Satyajit Das, author of Traders, Guns and Money and A Banquet of Consequences, is worried about the financial system. Optimists argue that “economic prospects are sound, with globally synchronised growth, low inflation, strong labour markets and buoyant asset prices”. But this ignores “low labour-force participation rates, low wage growth, limited productivity growth, weak capital investment and continued imbalances in global trade and savings”. They are also too relaxed about “fiscal deficits, accommodative monetary policy and perpetually increasing debt”.
Still, Das wouldn’t short the market immediately as “a major fall in asset prices or a substantial slowdown in economic activity is unlikely to be tolerated”. Instead, “policymakers will reduce interest rates (potentially into deep negative territory), resume asset purchases and increase government spending to preserve the status quo”. Central bankers are still intervening heavily – the Bank of Japan “now owns about 75% of all listed Japanese exchange-traded funds and is a top 10% shareholder in 90% of Japan’s listed equities”. Similarly, “the Swiss National Bank has become a major shareholder in many US companies”.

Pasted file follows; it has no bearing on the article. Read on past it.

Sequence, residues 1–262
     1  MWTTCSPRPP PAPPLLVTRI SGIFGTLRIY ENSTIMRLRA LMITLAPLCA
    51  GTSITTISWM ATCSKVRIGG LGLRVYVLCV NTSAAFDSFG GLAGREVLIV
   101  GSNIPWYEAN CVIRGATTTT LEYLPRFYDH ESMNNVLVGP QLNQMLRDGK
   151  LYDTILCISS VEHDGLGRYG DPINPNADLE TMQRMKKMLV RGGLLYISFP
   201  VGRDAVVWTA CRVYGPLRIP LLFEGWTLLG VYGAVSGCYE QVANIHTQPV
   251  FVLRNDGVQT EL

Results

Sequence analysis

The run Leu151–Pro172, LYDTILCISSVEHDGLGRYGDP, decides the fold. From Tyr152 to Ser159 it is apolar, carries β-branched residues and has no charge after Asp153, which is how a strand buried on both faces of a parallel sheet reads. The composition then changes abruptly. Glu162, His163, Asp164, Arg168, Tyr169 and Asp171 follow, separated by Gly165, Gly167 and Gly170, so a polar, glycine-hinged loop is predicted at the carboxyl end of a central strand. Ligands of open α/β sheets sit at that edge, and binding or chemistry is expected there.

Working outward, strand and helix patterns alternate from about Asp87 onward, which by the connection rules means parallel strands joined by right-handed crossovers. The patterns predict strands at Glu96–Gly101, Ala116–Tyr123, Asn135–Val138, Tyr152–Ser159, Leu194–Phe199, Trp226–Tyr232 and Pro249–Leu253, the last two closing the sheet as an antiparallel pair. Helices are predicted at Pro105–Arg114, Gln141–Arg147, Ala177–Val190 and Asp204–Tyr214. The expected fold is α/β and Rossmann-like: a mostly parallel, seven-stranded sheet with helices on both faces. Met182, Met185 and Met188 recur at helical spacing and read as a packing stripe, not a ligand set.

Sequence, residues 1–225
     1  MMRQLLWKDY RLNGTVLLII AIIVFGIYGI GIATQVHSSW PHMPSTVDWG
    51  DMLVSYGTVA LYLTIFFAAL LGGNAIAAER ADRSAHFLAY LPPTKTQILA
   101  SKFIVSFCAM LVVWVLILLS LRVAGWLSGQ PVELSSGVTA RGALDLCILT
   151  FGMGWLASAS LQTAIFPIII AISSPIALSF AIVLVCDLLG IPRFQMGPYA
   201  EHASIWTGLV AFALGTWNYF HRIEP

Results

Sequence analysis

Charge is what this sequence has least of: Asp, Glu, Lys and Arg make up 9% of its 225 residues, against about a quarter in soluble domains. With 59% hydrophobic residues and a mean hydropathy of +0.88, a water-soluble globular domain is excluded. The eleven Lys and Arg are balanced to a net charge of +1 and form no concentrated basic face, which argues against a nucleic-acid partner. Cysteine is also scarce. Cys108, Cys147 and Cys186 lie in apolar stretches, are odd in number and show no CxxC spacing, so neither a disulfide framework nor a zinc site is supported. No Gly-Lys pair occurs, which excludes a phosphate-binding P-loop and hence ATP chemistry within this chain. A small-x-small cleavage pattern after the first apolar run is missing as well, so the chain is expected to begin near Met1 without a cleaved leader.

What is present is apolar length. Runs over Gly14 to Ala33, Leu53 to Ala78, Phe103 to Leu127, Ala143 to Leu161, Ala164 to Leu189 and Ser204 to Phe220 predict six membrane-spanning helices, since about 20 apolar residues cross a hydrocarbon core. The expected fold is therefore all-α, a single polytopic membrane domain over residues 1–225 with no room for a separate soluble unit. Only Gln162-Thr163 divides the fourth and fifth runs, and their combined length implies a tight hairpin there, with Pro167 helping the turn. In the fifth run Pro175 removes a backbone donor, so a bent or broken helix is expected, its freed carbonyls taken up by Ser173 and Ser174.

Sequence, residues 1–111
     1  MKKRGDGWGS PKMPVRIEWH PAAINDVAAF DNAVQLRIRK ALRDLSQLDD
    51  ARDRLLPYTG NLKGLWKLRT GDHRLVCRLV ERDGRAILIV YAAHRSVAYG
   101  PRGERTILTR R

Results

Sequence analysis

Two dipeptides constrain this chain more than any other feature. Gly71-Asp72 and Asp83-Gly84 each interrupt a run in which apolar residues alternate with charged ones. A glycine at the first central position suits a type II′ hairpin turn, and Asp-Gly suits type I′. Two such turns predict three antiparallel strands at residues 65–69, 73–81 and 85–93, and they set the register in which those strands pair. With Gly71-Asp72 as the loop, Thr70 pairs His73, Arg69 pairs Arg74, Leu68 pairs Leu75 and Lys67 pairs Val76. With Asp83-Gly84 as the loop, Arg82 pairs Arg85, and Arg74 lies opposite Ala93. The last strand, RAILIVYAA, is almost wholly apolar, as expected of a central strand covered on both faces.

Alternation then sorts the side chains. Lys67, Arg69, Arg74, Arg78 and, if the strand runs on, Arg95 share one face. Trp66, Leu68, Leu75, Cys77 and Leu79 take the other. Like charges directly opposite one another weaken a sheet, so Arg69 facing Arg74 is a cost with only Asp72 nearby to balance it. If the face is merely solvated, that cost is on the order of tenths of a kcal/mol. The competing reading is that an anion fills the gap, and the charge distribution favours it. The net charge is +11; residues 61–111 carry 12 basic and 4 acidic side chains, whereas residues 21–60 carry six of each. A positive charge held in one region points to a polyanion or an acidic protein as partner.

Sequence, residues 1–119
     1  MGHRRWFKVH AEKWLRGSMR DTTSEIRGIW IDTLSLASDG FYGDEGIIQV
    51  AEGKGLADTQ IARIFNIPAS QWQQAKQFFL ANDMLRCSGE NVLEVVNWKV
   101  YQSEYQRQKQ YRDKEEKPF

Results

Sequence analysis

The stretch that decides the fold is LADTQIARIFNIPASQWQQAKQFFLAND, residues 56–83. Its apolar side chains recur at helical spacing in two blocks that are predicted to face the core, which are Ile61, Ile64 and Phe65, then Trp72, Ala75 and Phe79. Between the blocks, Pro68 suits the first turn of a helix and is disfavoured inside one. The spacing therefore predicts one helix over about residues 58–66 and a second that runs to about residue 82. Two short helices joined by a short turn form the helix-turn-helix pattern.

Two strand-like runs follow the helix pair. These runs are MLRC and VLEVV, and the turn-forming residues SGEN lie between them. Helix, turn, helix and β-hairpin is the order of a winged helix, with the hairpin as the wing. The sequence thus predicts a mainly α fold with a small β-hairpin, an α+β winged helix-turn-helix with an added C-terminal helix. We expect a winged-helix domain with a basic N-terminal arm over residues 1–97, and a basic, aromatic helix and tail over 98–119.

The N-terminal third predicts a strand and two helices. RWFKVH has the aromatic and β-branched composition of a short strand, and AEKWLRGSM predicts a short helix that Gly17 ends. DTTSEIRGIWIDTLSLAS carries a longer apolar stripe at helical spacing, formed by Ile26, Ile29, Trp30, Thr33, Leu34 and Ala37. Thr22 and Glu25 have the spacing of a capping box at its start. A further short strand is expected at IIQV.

But in the long run, “higher asset values are neither permanent nor sustainable”. Central-bank intervention “distorts capital allocation” as “low interest rates allow zombie companies to survive, delaying bankruptcy and preventing capital from being redeployed”. This “stable instability” cannot last forever. “It will end, as always, in a Torschlusspanik moment — a German word for last minute, or literally ‘door-shut-panic’ — as investors try desperately to exit when they fear that stable instability is tipping over into simple instability.”